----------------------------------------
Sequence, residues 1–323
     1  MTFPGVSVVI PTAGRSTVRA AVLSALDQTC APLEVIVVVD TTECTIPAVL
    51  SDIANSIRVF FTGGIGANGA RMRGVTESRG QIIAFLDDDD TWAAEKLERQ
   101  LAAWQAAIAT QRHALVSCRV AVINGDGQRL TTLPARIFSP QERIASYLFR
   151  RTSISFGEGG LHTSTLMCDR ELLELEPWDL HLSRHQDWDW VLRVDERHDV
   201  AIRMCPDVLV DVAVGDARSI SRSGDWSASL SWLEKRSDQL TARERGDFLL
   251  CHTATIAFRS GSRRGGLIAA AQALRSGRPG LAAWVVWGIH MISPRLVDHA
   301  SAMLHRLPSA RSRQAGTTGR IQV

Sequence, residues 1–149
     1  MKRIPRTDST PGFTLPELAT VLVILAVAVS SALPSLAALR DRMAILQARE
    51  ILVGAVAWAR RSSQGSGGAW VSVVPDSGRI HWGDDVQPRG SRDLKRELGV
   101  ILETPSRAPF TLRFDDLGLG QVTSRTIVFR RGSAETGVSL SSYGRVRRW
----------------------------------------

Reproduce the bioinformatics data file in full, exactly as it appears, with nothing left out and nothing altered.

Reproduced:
Sequence, residues 1–323
     1  MTFPGVSVVI PTAGRSTVRA AVLSALDQTC APLEVIVVVD TTECTIPAVL
    51  SDIANSIRVF FTGGIGANGA RMRGVTESRG QIIAFLDDDD TWAAEKLERQ
   101  LAAWQAAIAT QRHALVSCRV AVINGDGQRL TTLPARIFSP QERIASYLFR
   151  RTSISFGEGG LHTSTLMCDR ELLELEPWDL HLSRHQDWDW VLRVDERHDV
   201  AIRMCPDVLV DVAVGDARSI SRSGDWSASL SWLEKRSDQL TARERGDFLL
   251  CHTATIAFRS GSRRGGLIAA AQALRSGRPG LAAWVVWGIH MISPRLVDHA
   301  SAMLHRLPSA RSRQAGTTGR IQV

Sequence, residues 1–149
     1  MKRIPRTDST PGFTLPELAT VLVILAVAVS SALPSLAALR DRMAILQARE
    51  ILVGAVAWAR RSSQGSGGAW VSVVPDSGRI HWGDDVQPRG SRDLKRELGV
   101  ILETPSRAPF TLRFDDLGLG QVTSRTIVFR RGSAETGVSL SSYGRVRRW